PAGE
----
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Iron Snow in Planetary Cores

  • Full or part time
  • Application Deadline
    Applications accepted all year round
  • Competition Funded PhD Project (Students Worldwide)
    Competition Funded PhD Project (Students Worldwide)

About This PhD Project

Project Description

Planetary magnetic fields exhibit remarkable variability in both strength and structure. These fields are generated in metallic cores and thus provide a unique probe into the dynamics and evolution of planetary interiors. Earth’s liquid core is currently freezing from the bottom upwards as the planet cools, releasing the heat and light material that power the geomagnetic field. In contrast, recent mineralogical studies suggest that the cores of the smaller terrestrial bodies Mercury, Mars and Ganymede freeze from the top down with solid iron particles “snowing” into the deeper core. It has even been suggested that the top of Earth’s core may have once done something similar. The evolution and dynamics of bodies in this “iron snow” regime will be profoundly different to those of present-day Earth; however, the ramifications are presently unknown. Since the iron snow regime is a recent discovery, fundamental questions remain: can iron snow generate a global magnetic field? If so, is the generated field compatible with available observations? Will planets in the iron snow regime ever grow a solid inner core like Earth?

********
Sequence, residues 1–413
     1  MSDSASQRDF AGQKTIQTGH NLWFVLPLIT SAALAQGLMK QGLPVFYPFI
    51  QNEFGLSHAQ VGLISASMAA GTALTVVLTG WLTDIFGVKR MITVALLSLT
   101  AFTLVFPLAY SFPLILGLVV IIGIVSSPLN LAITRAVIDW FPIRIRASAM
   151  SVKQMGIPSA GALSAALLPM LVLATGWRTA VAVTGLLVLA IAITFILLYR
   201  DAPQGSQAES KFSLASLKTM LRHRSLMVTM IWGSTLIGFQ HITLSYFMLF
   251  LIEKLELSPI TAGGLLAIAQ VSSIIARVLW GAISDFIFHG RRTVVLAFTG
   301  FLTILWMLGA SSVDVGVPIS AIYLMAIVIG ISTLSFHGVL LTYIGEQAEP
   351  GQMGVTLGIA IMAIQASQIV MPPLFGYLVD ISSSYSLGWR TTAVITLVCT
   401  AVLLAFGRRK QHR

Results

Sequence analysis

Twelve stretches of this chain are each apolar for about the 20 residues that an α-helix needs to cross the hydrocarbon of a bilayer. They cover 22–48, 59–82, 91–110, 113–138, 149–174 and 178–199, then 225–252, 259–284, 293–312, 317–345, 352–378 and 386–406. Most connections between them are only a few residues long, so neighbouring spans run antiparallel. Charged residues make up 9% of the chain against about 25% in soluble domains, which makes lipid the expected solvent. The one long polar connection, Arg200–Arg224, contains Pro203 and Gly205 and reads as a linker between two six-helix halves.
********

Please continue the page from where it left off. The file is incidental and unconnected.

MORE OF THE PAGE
We have recently developed the first self-consistent dynamical model for studying iron snow, including its role in magnetic field generation, and applied it in reduced form to Mars’ core. In this project you will further develop this model so that it can be applied to the cores of Mercury, Mars and Ganymede to evaluate, for the first time, whether iron snow can generate the magnetism observed on these bodies. The analysis will make new predictions regarding the interior structure and evolution of these bodies, constrained by and informing existing and forthcoming observational data. Additionally you will investigate whether iron snow could have occurred in Earth’s core.

You will join a team within the School of Earth and Environment at Leeds that is currently leading large NERC- and NSF-funded projects on the non-equilibrium dynamics of freezing in planetary cores in collaboration with University College London and Scripps Institution of Oceanography. The School also hosts one of the largest deep Earth research groups in the world and has strong links to the astrophysical research group in the School of Mathematics. Within this environment you will be trained in the skills that will enable you to develop the next generation of core crystallization models.

More details on the project can be found here:


Davies, C.J. and Pommier, A., 2018. Iron snow in the Martian core?. Earth and Planetary Science Letters, 481, pp.189-200.

Wong, J., Davies, C.J. and Jones, C.A., 2018. A Boussinesq slurry model of the F–layer at the base of Earth’s outer core. Geophysical Journal International. 214, 2236-2249.

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